Europe

Germany reports disappearance of 130,000 asylum seekers

  • 26 February 2016
  • From the section Europe
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Migrants and refugees queue to have their asylum applications processed in Sarstedt, Germany (25 February 2016) Image copyright Getty Images
Image caption It is estimated that about 13% of more than a million migrants accepted by Germany last year have gone missing

Germany does not know the whereabouts of 130,000 asylum seekers who were registered last year, officials say.

The migrants did not appear at reception centres to which they had been directed, the government said in a written reply to a question.

This may be because they have moved to a different country, gone underground or registered several times.

Those missing represent about 13% of about 1.1 million asylum seekers registered in Germany in 2015.

A spokesman for the interior ministry said a series of measures approved by parliament on Thursday would help address the missing migrants problem, AFP news agency reports.

Image copyright Getty Images
Image caption There are plans for migrants to be issued with an identity document on arriving in Germany so that the authorities can store personal data under a common database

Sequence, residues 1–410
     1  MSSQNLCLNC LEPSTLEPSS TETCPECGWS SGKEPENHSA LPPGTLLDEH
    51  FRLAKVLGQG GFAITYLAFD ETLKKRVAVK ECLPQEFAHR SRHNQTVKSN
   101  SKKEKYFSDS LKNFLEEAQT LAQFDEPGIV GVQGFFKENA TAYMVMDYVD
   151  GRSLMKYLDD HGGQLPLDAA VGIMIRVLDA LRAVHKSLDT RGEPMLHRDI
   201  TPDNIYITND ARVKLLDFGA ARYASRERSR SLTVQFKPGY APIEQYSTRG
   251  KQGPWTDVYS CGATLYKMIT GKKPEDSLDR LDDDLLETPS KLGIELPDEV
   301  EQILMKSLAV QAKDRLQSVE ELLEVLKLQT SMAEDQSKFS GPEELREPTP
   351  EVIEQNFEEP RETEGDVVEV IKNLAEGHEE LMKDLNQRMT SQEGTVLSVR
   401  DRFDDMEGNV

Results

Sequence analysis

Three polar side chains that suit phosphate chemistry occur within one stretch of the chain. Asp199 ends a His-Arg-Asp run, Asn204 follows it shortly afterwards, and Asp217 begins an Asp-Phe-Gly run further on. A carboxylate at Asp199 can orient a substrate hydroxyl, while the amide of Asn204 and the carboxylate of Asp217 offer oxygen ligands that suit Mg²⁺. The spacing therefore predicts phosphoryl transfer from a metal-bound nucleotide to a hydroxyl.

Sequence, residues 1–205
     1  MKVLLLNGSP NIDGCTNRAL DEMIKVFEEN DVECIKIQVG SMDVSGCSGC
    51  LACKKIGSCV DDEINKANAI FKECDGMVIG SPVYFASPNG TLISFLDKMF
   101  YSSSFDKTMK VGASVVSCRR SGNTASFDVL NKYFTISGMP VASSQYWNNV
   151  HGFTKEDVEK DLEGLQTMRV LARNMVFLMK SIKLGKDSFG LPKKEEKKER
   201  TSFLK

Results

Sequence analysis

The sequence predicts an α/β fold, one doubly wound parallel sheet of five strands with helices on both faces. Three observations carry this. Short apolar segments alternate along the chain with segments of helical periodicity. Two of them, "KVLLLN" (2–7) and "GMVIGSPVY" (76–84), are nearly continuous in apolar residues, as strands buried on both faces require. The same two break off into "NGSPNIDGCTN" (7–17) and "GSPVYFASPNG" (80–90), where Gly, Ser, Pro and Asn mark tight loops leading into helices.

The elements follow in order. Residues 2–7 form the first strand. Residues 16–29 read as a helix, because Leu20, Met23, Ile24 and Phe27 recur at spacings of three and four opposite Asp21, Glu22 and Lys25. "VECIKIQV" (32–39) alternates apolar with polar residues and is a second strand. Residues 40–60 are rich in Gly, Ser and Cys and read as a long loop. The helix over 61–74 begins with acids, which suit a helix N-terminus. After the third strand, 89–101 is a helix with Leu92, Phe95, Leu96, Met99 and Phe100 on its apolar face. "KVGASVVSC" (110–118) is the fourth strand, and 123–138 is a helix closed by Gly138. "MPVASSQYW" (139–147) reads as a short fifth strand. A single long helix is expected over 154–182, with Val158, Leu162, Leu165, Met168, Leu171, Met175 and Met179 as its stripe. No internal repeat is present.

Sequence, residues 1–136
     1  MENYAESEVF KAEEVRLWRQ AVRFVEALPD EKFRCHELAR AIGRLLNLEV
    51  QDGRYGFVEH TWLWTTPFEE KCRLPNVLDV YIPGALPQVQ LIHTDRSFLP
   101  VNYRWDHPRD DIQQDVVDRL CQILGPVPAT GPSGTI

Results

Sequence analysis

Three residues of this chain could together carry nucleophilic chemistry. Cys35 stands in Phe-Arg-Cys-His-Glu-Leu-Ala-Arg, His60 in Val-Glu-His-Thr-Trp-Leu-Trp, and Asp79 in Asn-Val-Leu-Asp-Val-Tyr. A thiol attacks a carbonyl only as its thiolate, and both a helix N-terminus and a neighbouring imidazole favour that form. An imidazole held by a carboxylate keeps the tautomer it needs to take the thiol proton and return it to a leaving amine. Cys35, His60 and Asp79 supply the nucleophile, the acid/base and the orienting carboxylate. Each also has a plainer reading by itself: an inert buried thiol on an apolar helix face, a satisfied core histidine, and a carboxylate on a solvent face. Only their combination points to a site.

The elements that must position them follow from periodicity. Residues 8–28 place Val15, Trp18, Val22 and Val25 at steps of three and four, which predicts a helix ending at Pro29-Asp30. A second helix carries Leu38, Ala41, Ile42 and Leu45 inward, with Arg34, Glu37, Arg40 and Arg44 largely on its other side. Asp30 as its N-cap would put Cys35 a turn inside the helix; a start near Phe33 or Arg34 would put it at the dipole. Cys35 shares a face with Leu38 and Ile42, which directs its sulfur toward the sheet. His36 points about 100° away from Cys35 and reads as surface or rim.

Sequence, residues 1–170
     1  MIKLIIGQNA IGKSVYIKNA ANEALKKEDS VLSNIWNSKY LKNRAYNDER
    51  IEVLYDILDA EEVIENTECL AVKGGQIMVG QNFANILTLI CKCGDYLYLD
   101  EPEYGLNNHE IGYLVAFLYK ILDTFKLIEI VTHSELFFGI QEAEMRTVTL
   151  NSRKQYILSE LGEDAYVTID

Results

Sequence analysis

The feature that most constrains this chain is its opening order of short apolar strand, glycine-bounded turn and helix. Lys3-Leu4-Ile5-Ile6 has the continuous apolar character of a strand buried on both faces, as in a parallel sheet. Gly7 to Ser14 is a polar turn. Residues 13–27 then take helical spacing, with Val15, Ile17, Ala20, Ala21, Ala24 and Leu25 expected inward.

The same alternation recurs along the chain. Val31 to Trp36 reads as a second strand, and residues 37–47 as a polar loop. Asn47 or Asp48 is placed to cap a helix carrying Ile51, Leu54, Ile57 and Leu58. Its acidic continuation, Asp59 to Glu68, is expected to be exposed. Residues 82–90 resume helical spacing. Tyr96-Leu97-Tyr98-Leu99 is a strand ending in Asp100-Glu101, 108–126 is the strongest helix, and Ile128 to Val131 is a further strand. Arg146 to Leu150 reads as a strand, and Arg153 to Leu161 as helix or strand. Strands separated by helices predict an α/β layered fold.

Image copyright AFP
Image caption Germany's business leaders argue that migration can be a useful tool to replenish the country's shrinking workforce

These include plans for them to receive an identity document on arriving in Germany so that the authorities can store personal data under a common database and avoid making repeated registrations.

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The new rules also include measures to restrict family reunions for some migrants in addition to slackening the criteria used by the authorities to expel convicted foreigners.

This was a key measure put forward after New Year celebrations were marred when scores of women complained about being sexually assaulted and robbed by a crowd of predominantly migrant men.

Germany's main business associations are due to voice their concern over a potential collapse of the EU's border-free Schengen system at a meeting with Chancellor Angela Merkel on Friday in Munich.

They are expected to repeat their argument that migration can be a useful tool to replenish Germany's shrinking workforce.

On Thursday, the head of Germany's federal office for migration, Frank-Juergen Weise, said there were up to 400,000 people in the country whose identities were unknown to the authorities.

A special flight from Germany carrying 125 deported Afghans arrived in Kabul on Wednesday.

Afghans have become Germany's second largest group of asylum seekers, after Syrians, with 154,000 arriving in 2015.

Those arriving in Kabul all left voluntarily, German officials said.

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